Manga on the other hand has had it differently. Despite being around for years, UK-wise I think manga has only recently been noticed by people other than anime fans. I particularly like what Tokyo Pop have done. There's a nice library of books to dig into now, brilliant stories, an array of different genres for different ages, well translated and all packaged into small, freshly designed covers that look all cute and collectible-looking! :3 At the moment, it might be too early to predict how it'll go, but with it's recent success in the US, it's apparent that it could do it similarly over here, so fingers crossed.
Jamie: Obviously MAME is made by fans for fans but what are the goals for it to achieve aside from making Manga/Anime fans happy?
Voxie: Apart from just providing people with something innovative and interesting to read, the other goal with MAME is giving fans alike inspiration to write, design and create something, as well as providing the epitome for your work to be seen on, by either fans and non-fans.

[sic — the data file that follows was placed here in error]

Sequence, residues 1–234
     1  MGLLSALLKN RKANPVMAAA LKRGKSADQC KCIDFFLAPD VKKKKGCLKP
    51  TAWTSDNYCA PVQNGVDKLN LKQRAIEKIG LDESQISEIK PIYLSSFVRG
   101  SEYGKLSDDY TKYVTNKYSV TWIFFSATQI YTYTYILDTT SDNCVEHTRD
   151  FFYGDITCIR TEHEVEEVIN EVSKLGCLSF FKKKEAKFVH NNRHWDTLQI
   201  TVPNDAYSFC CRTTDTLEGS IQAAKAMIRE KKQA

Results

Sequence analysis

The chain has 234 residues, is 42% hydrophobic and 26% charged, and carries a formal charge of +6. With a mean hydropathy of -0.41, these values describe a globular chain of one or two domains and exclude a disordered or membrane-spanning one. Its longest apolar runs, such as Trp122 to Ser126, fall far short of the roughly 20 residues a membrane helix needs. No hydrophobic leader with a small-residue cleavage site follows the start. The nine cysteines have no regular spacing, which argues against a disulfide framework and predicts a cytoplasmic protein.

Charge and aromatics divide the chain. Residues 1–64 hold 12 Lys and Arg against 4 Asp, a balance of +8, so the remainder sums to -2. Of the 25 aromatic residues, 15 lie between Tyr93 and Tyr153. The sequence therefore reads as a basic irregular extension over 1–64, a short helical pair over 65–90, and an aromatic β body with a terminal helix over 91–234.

Jamie: Is there anything that you feel is missing from the two current issues that we can look forward to in the near future?
Voxie: Some colour hopefully!^^ It's been just two issues, and I've learnt a heck of a lot during both of them. Our creative tactics are constantly changing and improving, and as each issue unfolds, things will turn out to be bigger and better. I already have some surprises in mind for the next 12 months...! Rest assured, each issue will be worth waiting for!
Jamie: I would like to thank Rhoda “voxie” Villegas for answering our questions and wish the best of luck to the future of M.A.M.E.
The website for M.A.M.E; where you can find everything you need to know about the FanZine, can be viewed [here].